If Ashton-Tate had been as effective managing the technical nature of their product as they were at marketing it, the end result might have been totally different. But there is more to the story than Borland and Ashton-Tate. One of the accountants who worked for my client left to work at another company, and asked for my advice about an appropriate database package. Of course I recommended Paradox, but his new employers opted for Microsoft’s Access. Eventually, in 1999, I received a call from my former client seeking help with a serious problem: his new employer’s database simply would not open. When I investigated, I found that the size of their database file had exceeded what was then the maximum file size supported by Microsoft operating systems.

Pending a revision to the operating system to enable larger files to be handled, I recommended that they revert to a previous version of their database and move older data to a “historical” database to reduce the size of their current database. Eventually, Microsoft did improve the operating system, but the incident created a lot of additional work for the customer in the interim. I pointed out that the problem was not just the size of files that could be handled by the Microsoft OS, it was the propensity for Access to put all elements of a database into a single file (tables, forms, reports, indexes, etc.). If they had been using Paradox, they would never have experienced the problem because Paradox placed each type of element into a separate file.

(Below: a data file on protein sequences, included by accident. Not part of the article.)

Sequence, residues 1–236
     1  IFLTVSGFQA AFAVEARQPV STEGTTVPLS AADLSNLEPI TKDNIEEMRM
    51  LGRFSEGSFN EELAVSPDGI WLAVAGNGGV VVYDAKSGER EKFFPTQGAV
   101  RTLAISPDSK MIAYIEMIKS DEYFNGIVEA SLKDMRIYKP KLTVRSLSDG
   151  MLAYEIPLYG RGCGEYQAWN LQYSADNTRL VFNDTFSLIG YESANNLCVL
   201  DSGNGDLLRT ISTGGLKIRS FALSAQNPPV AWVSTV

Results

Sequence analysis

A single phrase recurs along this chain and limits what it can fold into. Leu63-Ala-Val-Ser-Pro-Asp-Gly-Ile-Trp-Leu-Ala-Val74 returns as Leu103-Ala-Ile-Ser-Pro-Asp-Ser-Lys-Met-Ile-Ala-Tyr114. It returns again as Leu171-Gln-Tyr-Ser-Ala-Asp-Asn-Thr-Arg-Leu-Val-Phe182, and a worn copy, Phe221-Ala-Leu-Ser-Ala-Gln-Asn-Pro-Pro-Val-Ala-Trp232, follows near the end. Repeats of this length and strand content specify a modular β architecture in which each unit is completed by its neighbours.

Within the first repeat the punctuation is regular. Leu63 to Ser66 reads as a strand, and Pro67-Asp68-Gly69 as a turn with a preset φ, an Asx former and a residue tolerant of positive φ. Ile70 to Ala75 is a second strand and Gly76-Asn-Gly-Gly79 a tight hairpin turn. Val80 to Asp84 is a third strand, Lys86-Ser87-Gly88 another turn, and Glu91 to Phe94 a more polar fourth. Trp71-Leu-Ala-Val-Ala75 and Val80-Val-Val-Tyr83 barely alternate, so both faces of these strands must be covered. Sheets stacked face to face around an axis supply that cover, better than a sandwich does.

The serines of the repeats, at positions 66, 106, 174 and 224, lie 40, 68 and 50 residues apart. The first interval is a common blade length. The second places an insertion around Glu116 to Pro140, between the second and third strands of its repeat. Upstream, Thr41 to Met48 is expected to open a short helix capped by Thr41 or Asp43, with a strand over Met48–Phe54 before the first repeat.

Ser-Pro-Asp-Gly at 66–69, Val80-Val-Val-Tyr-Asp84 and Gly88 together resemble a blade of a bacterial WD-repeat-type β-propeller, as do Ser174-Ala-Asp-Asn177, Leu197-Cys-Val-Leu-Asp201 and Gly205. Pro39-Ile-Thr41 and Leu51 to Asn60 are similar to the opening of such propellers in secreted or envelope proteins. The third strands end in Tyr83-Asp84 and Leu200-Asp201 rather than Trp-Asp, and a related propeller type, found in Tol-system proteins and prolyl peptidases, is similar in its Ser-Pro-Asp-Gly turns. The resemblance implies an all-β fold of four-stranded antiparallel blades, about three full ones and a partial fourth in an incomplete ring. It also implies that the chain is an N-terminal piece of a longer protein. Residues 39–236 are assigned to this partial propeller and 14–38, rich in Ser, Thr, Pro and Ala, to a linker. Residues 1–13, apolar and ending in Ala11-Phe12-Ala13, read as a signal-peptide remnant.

Sprint vs WordPerfect

Around the same time, WordPerfect was rapidly gaining ground in the marketplace as the wordprocessing program of choice. But what I found occurring at my client’s sites was that far from providing the ease of use and flexibility one might wish from an application, WordPerfect required extensive training and experience to use and was riddled with bugs. In those days, I had chosen a product called Sprint (another Borland product), and I recommended it to many clients. Almost all of them initially objected, claiming “We know how to use WordPerfect.” (which wasn’t true, many of them couldn’t even find WordPerfect’s elusive menus). Today, WordPerfect is owned by Corel, and Corel has significantly cleaned up the product. In the interest of disclosure, I have been using Corel’s version of WordPerfect for years. It is far superior to the original product.

In those days, a friend of mine was working on her dissertation for a doctorate in anthropology. When she indicated to her faculty advisors that she wished to include tables of words in the language and vernaculars of the people she had studied, they tried to discourage her, telling her that it simply wasn’t possible to print such tables in a readable form. I bought a copy of the Sprint wordprocessor for her and helped her learn how to use it. Admittedly, it was a bit more complex than the standard word processors of the day, but it could do so much more, because it could be modified by a simple macro language to produce very impressive formatting, and it could also send its contents to a printer in the PostScript format, and the university had many PostScript printers available. Needless to say, her faculty advisors were astounded by the professional appearance of her finished dissertation.